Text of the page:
Date of Award:


Document Type:


Degree Name:

Master of Science (MS)


Watershed Sciences

Committee Chair(s)

Janice Brahney


Janice Brahney


Kimberly Hageman


Erin Rivers


Kyle Moor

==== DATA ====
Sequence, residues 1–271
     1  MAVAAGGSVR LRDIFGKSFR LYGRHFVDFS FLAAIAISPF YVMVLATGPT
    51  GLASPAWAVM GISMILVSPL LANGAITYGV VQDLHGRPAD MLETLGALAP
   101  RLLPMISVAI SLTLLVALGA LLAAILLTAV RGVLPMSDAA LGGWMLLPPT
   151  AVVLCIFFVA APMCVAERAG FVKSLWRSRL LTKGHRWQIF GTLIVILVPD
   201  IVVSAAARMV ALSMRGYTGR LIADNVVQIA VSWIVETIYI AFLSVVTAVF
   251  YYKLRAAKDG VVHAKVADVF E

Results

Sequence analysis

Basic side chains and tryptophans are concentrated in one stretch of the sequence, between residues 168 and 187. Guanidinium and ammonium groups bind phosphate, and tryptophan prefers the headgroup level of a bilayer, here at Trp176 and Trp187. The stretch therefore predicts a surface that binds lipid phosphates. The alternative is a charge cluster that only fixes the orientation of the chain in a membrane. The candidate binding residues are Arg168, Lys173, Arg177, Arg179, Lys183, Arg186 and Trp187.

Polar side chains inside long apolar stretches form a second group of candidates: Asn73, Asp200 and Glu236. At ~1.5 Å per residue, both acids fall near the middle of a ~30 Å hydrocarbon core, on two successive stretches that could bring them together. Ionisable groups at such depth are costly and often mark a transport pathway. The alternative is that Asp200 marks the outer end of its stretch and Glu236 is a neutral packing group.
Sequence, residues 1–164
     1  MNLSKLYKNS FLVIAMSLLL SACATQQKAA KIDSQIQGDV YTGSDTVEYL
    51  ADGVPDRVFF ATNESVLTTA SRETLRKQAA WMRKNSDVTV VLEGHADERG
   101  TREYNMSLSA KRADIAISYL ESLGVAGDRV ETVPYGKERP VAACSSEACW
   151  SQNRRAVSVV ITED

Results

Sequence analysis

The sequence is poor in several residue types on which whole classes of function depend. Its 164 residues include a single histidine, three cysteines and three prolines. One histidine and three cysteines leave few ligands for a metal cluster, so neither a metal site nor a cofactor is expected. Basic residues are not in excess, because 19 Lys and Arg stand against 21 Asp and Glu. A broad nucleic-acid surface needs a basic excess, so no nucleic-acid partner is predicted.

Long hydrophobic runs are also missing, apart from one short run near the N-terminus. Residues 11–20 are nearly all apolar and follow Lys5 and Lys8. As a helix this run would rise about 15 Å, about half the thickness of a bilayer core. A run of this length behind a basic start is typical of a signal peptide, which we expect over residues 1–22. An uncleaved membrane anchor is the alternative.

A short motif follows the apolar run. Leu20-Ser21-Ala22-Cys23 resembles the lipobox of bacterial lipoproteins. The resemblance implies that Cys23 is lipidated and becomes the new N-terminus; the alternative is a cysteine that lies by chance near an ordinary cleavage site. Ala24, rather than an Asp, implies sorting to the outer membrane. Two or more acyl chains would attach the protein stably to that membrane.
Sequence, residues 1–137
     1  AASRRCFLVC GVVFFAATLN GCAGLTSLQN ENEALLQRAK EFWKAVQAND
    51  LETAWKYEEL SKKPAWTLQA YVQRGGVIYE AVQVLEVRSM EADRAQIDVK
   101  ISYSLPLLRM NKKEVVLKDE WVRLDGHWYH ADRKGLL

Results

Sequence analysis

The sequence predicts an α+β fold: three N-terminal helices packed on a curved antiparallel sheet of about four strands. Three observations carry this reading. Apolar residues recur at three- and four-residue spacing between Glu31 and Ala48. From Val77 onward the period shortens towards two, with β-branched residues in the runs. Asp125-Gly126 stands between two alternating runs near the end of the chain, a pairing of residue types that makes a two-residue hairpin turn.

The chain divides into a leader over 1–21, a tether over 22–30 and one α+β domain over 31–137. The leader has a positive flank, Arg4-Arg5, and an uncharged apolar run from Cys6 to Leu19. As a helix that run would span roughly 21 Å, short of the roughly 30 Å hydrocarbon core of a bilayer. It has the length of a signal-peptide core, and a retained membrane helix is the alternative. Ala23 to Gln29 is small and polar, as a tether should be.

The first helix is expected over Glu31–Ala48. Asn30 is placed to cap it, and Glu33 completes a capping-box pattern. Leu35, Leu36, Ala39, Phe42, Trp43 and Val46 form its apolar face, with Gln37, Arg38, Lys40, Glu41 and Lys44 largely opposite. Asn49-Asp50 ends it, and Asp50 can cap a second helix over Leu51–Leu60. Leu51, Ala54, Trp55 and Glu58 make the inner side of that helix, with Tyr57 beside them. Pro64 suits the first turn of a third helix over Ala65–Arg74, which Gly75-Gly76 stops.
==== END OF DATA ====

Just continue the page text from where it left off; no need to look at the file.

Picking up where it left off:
Plastic products are produced and discarded at an alarming rate. Bottles, bags, toys, and clothing break down into tiny plastic pieces called microplastics, ranging in size from an eraser on the top of a pencil to smaller in size than a red blood cell. Microplastics are becoming so common in the environment that they travel in the atmosphere, rivers, and ocean currents in ways that are similar to other types of Earth Systems Cycles (i.e., the water cycle). In this study, we explored microplastic sources and sinks in a freshwater river system and how seasonal changes in discharge affect how plastics are transported. For one calendar year, we collected samples from sites influenced by various land uses in the watershed. Microplastics were transported through the system at an average rate of 13,514 ± 32,096 MP·s-1. Microplastic flux (MP · unit of time-1) and concentration (MP · L-1) vary throughout the landscape, highlighting potential sources and sinks. Patterns in microplastic sizes in various reaches of the river identify the potential for multiple sources and help us to infer the influence river features may have on plastic transport. Seasonal patterns in the watershed indicate microplastic flushing from the system during snowmelt season, which is ultimately confirmed by graphing concentration and discharge to explore hysteresis patterns. Microplastic morphology changes throughout the watershed, but harmful particles including fibers and tires are consistently present, posing risk to aquatic species. We discuss how existing sampling methods may be neglecting to capture microplastics in environmental studies. Finally, we observe microplastics in springs in the watershed.